On April 1, the US Citizen and Immigration Services will begin accepting applications for the coveted H1-B visas that will let high-skilled foreign workers hold jobs in the United States in 2013. In the past few years, high unemployment rates in the US have prompted criticism of the visa program, which allows the hiring of as many as 65,000 foreign workers.
That cap has not been raised for 2013, though the application fee hikes will remain in effect through Sept. 30, 2014. Beginning in 2010, a new law required the submission of an additional fee of $2,000 for certain H-1B petitions and $2,250 for certain L-1A and L-1B petitions.
Last year, the H1-B visa cap for 2012 was reached in November. That was slow compared with previous years, when the cap was reached within days.
The visa awards may be less controversial this year, because unemployment rates appear to be falling. The Wall Street Journal reports that the number of US workers filing unemployment claims has fallen to its lowest level since 2008.
Initial jobless claims fell by 5,000 to a seasonally adjusted 359,000 in the week ended March 24, the Labor Department said Thursday. Economists surveyed by Dow Jones Newswires had forecast that claims would increase by 2,000.
The prior week's figure was revised to 364,000 from a previously reported 348,000. Labor made its annual adjustment to seasonal factors this week, causing revisions to claims data back to 2007. As a result, recent weeks' figures were adjusted up…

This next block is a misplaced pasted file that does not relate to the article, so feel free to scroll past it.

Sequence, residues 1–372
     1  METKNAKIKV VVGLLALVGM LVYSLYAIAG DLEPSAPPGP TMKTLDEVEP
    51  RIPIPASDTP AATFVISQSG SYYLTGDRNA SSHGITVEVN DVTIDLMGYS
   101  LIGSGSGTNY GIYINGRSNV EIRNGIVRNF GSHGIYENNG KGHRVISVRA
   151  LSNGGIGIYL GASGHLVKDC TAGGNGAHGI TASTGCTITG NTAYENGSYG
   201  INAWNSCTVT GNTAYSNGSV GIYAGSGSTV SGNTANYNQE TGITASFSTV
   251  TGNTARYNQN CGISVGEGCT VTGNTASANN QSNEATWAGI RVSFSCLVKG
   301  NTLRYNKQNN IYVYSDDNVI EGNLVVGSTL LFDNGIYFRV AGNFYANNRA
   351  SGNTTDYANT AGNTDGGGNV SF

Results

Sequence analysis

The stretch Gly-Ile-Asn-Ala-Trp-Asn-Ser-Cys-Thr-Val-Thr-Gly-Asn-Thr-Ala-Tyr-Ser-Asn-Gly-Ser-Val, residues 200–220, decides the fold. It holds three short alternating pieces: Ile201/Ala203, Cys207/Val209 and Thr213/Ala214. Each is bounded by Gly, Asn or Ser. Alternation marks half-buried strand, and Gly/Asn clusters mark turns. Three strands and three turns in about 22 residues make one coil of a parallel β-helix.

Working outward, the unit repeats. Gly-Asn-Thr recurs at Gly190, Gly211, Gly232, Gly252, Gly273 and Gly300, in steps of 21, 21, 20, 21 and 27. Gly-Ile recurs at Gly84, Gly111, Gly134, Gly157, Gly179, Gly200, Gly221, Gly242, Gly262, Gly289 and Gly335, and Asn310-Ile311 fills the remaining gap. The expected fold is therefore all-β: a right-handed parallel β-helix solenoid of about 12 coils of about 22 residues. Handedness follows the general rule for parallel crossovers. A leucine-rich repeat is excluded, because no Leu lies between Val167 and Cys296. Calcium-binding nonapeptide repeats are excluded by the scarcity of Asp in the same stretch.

Still, the unemployment rate remained high last month at 8.3% and may decline only gradually.
There remains a disparity between the needs of the US manufacturing industry and the skill level of available workers. Yesterday, I cited a survey by the manufacturing consortium Prime Advantage that said manufacturing companies are struggling to fill open positions. (See: Midsized Manufacturers Upbeat About 2012.)
Fifty-seven percent of the survey respondents said they had unfilled positions (more than double last year’s 23 percent). And 65 percent of respondents with open positions cited the inability to find skilled workers locally as the main reason for this problem. Competition for talent and labor force immobility were also cited as causes.
One reason for the disparity might be a gap between the skills required in the manufacturing workforce. To cut costs and compete with low-cost foreign labor, US manufacturers have been investing in automation. Although people are required to operate the machines, specific training is required. Prime Advantage reports that companies are investing in training and retraining employees. As a long-term solution, respondents emphasized promoting manufacturing as a strong career choice in local educational institutions.
H1-Bs have always been a hot button in the high-tech industry. Proponents argue that the visas are good for the industry, because they bring specialty skills into the US. Opponents argue that they displace US workers who need jobs. What has been your company's experience in finding workers? Has it hired foreign workers to work in the US?